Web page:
Welcome to Antenna, our glance into the middle distance and the life-changing developments the near future will bring. We’ll also look at the investment implications which, as ever, are far from intuitive.
What is AI?
Scratch the surface of this question and you will find layers of different technologies and fields of study. But fundamentally, it is the development of machines that behave like human brains, performing tasks that would otherwise require human intelligence, such as learning, planning, reasoning and problem-solving. Although that might sound futuristic, AI is already here. It powers your internet searches, enables your voice-activated personal assistants, recommends products online and detects fraud on bank accounts, among many other things. Combined with other technologies, it also enables robots and driverless cars.
All AI that exists today is classified as narrow (sometimes called ‘weak’), which means it can perform only the specific task it is designed for. Technologists are working towards artificial general intelligence (AGI, or ‘strong AI’), which would perform any intellectual task a human can.
How advanced is the technology?
We are still a long way from creating AGI, but we are getting closer and the journey is being driven by computer games such as chess and Go. UK-based AI company DeepMind, owned by Google, seems to be leading the way with its ‘Alpha’ series of programs. AlphaGo Zero effectively became the world champion at the Chinese game Go in 2017. Two things make this remarkable. First, it is impossible to win the game simply using the force of processing power because there are more possible moves in Go than there are atoms in the observable universe. Second, unlike previous models, the program trained without examples of human play, using just the rules of the game.
When machines teach themselves in this way, they are not constrained by human knowledge and think in what DeepMind co-founder Demis Hassabis has described as an “alien” way. At a conference shortly after the release of the company’s new headline-grabbing program, AlphaZero – which builds on AlphaGo Zero with the ability to learn not just Go, but also chess and Shogi (learning more than one task being a major hurdle in developing AGI) – Hassabis said: “It doesn’t play like a human, and it doesn’t play like a program.” He described maverick chess plays such as moving the queen into the corner of the board and reflected: “Maybe our conception of chess has been too limited.” The teacher, then, may become the pupil, as we are able to learn new methods from AI.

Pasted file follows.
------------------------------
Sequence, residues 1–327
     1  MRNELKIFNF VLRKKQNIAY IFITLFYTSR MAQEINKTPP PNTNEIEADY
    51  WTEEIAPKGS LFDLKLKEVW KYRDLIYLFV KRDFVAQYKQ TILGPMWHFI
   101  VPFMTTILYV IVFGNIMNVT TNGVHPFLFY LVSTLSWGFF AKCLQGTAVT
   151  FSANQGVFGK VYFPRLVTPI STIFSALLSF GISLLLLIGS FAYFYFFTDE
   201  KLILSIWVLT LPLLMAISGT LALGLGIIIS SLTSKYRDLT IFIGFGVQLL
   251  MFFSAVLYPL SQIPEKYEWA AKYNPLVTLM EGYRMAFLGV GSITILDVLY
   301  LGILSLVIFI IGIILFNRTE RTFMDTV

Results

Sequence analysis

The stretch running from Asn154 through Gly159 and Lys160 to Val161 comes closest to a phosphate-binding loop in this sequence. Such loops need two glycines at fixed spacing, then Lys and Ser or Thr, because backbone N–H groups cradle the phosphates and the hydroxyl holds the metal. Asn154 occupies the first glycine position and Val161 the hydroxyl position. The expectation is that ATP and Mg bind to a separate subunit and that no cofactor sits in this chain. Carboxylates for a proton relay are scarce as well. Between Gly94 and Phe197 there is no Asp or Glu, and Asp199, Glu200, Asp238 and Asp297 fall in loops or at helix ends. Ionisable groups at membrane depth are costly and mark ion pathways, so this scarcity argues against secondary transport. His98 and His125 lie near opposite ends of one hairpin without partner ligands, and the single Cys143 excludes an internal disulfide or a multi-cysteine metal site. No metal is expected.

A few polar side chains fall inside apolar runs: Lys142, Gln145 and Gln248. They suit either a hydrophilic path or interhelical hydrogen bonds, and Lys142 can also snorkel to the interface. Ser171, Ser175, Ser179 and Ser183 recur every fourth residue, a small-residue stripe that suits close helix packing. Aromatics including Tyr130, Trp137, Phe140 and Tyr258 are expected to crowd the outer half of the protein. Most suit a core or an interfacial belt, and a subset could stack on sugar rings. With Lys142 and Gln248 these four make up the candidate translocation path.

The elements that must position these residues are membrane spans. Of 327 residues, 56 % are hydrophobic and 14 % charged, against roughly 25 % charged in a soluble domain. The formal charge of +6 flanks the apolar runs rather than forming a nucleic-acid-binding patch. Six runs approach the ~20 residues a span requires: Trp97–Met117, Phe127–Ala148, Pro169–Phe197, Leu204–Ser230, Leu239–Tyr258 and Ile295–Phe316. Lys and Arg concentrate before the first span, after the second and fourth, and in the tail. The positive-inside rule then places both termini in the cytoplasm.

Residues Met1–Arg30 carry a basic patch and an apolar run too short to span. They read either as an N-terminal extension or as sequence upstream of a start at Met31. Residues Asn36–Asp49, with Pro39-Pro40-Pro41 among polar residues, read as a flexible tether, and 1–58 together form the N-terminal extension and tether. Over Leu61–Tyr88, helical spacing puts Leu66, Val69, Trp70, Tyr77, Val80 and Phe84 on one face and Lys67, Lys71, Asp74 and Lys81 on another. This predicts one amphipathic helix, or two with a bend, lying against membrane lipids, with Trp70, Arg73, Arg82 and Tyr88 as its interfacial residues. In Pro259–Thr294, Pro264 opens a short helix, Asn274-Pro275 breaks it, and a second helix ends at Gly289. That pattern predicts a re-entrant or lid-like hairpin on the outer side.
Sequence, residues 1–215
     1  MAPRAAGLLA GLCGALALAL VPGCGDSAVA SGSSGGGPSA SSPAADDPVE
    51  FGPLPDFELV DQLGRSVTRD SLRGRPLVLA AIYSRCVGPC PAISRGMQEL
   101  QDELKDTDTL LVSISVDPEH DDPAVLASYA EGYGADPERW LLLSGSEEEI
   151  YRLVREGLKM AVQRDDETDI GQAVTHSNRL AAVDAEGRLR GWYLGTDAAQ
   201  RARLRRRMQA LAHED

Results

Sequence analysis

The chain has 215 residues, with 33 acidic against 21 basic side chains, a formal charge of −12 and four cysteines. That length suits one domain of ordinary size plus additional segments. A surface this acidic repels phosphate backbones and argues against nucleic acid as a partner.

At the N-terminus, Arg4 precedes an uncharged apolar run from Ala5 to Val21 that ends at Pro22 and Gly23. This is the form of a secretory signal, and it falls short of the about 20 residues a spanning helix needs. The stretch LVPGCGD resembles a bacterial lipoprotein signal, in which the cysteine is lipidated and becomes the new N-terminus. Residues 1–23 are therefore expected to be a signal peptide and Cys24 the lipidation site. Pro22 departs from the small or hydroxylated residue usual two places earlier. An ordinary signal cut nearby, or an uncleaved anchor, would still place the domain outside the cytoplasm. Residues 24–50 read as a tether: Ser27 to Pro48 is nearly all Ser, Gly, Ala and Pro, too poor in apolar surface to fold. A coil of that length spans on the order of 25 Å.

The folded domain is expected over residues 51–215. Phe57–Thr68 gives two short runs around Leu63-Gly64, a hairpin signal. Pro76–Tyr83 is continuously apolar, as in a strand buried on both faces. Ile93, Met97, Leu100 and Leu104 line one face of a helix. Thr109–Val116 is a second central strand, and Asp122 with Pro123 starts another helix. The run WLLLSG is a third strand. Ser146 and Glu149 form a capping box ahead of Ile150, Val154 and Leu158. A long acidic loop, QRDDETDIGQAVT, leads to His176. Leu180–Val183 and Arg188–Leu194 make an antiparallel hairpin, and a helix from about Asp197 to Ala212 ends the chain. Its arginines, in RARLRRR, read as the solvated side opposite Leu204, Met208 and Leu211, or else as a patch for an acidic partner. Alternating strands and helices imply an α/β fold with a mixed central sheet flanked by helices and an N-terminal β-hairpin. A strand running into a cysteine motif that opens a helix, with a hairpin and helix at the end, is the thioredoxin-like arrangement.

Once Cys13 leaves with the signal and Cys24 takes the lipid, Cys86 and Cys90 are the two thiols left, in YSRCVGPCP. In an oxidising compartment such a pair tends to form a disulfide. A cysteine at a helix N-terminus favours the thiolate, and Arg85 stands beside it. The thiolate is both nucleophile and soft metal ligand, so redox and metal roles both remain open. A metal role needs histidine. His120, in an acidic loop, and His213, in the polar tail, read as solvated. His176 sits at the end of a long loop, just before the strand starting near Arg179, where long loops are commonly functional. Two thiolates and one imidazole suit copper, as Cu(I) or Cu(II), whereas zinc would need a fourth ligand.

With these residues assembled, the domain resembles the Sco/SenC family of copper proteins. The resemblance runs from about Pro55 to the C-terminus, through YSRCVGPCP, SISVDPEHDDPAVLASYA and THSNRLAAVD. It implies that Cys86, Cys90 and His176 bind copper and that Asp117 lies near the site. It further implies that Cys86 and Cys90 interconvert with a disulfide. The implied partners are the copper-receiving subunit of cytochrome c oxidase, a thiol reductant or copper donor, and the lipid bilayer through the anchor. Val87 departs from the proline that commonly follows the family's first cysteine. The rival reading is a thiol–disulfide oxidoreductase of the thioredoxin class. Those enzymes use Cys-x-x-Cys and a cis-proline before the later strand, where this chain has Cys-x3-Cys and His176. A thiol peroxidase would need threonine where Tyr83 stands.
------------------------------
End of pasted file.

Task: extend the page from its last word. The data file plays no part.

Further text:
The ‘Alphas’ mentioned above are examples of machine learning (ML), or deep learning (a more advanced form), which is a subset of AI whereby systems learn from data without being explicitly programmed and make predictions. ML is thought to be the best path to AGI and is already in common use in things like internet searches. It is enabled by technology called neural networks. These comprise thousands of processing nodes, or layers of computation (think spreadsheets), that mimic the human brain by spotting patterns in images, sound and text. That ability to interpret the world is enabled by advances in natural language processing (NLP, see below) and visual reasoning.